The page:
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    ABSTRACT: Objective: Our goal was to evaluate the association of APOE with amyloid deposition, cerebrospinal fluid levels (CSF) of Aβ, tau, and p-tau, brain atrophy, cognition and cognitive complaints in E-MCI patients and cognitively healthy older adults (HC) in the ADNI-2 cohort. Methods: Two-hundred and nine E-MCI and 123 HC participants from the ADNI-2 cohort were included. We evaluated the impact of diagnostic status (E-MCI vs. HC) and APOE ε4 status (ε4 positive vs. ε4 negative) on cortical amyloid deposition (AV-45/Florbetapir SUVR PET scans), brain atrophy (structural MRI scans processed using voxel-based morphometry and Freesurfer version 5.1), CSF levels of Aβ, tau, and p-tau, and cognitive performance and complaints. Results: E-MCI participants showed significantly impaired cognition, higher levels of cognitive complaints, greater levels of tau and p-tau, and subcortical and cortical atrophy relative to HC participants (p < 0.05). Cortical amyloid deposition and CSF levels of Aβ were significantly associated with APOE ε4 status but not E-MCI diagnosis, with ε4 positive participants showing more amyloid deposition and lower levels of CSF Aβ than ε4 negative participants. Other effects of APOE ε4 status on cognition and CSF tau levels were also observed. Conclusions: APOE ε4 status is associated with amyloid accumulation and lower CSF Aβ, as well as increased CSF tau levels in early prodromal stages of AD (E-MCI) and HC. Alternatively, neurodegeneration, cognitive impairment, and increased complaints are primarily associated with a diagnosis of E-MCI. These findings underscore the importance of considering APOE genotype when evaluating biomarkers in early stages of disease.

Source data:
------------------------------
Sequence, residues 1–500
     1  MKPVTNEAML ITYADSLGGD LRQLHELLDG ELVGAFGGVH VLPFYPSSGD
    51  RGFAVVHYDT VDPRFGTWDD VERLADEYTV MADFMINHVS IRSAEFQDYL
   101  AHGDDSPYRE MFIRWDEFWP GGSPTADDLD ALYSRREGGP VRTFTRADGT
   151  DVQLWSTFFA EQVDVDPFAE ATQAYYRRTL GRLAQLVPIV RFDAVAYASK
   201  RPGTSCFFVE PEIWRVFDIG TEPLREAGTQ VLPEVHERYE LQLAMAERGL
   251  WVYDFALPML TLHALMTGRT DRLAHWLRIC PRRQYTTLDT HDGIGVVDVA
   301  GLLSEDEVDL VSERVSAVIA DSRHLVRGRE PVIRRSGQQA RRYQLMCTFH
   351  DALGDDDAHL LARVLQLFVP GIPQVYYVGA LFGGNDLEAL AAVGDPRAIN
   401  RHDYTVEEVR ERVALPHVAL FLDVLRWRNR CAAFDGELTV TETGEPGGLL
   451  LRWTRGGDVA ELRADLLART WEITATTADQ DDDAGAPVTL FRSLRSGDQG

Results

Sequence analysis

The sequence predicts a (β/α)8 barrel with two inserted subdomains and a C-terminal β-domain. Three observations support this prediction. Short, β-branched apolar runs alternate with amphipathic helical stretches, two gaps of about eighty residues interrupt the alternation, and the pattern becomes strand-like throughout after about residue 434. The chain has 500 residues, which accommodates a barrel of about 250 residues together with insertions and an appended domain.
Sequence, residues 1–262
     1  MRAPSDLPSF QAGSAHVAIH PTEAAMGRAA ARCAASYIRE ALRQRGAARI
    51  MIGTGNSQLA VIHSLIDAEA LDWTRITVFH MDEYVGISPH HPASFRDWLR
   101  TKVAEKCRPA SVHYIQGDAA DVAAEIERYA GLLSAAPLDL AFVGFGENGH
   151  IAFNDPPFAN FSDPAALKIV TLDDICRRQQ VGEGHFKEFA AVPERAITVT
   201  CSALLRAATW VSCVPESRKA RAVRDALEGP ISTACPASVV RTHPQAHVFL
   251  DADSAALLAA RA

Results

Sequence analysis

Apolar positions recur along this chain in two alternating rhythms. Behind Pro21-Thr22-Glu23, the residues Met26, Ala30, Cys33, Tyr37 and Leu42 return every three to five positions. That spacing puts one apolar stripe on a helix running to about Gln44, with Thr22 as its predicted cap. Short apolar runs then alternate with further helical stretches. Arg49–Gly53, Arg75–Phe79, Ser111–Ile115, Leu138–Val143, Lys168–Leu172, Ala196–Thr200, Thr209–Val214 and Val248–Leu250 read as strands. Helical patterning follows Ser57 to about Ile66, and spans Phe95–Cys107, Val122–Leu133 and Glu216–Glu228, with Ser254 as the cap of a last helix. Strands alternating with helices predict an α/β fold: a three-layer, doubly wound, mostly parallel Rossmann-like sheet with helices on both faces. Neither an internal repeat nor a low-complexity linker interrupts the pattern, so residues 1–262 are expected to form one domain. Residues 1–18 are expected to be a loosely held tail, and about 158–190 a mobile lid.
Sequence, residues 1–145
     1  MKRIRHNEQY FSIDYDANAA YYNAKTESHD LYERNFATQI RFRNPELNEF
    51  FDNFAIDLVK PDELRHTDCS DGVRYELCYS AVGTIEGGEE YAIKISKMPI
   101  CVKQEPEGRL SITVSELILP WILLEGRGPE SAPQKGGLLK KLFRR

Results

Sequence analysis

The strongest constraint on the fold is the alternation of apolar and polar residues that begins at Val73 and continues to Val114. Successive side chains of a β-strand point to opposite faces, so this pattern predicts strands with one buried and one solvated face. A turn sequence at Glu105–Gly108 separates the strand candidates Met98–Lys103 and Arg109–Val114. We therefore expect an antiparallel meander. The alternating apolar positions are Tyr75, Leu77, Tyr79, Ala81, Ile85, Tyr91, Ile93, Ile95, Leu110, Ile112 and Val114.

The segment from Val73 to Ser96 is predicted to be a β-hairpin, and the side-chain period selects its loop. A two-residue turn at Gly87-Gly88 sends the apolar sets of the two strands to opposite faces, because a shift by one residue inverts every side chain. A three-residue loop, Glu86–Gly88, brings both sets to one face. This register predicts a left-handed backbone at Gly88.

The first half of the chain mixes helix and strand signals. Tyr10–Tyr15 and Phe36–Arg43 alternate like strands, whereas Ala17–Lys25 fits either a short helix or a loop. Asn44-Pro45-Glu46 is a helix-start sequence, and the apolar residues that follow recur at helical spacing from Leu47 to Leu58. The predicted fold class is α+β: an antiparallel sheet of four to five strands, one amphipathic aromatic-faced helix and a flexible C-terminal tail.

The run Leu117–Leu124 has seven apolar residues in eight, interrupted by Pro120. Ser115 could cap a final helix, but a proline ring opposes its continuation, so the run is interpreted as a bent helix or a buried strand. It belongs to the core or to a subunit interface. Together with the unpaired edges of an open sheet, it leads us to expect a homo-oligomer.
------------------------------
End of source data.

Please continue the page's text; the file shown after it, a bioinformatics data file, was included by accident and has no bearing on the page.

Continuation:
Frontiers in Aging Neuroscience 04/2013; 5:11. DOI:10.3389/fnagi.2013.00011 · 4.00 Impact Factor
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    • "Future studies will be needed to better understand the relationship between AD pathology and matrix affects on Ab1–42 measurements. The APOE genotype is known to affect Ab1–42 concentrations when measured in crude CSF (Prince et al. 2004; Sunderland et al. 2004; Peskind et al. 2006; Andersson et al. 2007; Mosconi et al. 2008; Kauwe et al. 2009; Kester et al. 2009; Vemuri et al. 2010). "